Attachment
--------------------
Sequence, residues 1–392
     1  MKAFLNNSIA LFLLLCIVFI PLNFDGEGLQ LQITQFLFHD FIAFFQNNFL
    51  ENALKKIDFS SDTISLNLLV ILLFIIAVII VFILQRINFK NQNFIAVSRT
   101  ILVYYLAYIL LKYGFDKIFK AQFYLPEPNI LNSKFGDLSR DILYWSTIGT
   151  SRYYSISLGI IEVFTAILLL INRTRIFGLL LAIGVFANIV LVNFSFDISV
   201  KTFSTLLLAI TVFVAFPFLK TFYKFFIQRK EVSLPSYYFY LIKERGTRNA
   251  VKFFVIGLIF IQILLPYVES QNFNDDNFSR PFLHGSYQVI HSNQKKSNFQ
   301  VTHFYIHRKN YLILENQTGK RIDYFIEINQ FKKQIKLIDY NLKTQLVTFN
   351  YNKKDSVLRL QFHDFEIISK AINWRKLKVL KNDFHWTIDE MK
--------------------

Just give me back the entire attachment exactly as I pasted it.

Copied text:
Sequence, residues 1–392
     1  MKAFLNNSIA LFLLLCIVFI PLNFDGEGLQ LQITQFLFHD FIAFFQNNFL
    51  ENALKKIDFS SDTISLNLLV ILLFIIAVII VFILQRINFK NQNFIAVSRT
   101  ILVYYLAYIL LKYGFDKIFK AQFYLPEPNI LNSKFGDLSR DILYWSTIGT
   151  SRYYSISLGI IEVFTAILLL INRTRIFGLL LAIGVFANIV LVNFSFDISV
   201  KTFSTLLLAI TVFVAFPFLK TFYKFFIQRK EVSLPSYYFY LIKERGTRNA
   251  VKFFVIGLIF IQILLPYVES QNFNDDNFSR PFLHGSYQVI HSNQKKSNFQ
   301  VTHFYIHRKN YLILENQTGK RIDYFIEINQ FKKQIKLIDY NLKTQLVTFN
   351  YNKKDSVLRL QFHDFEIISK AINWRKLKVL KNDFHWTIDE MK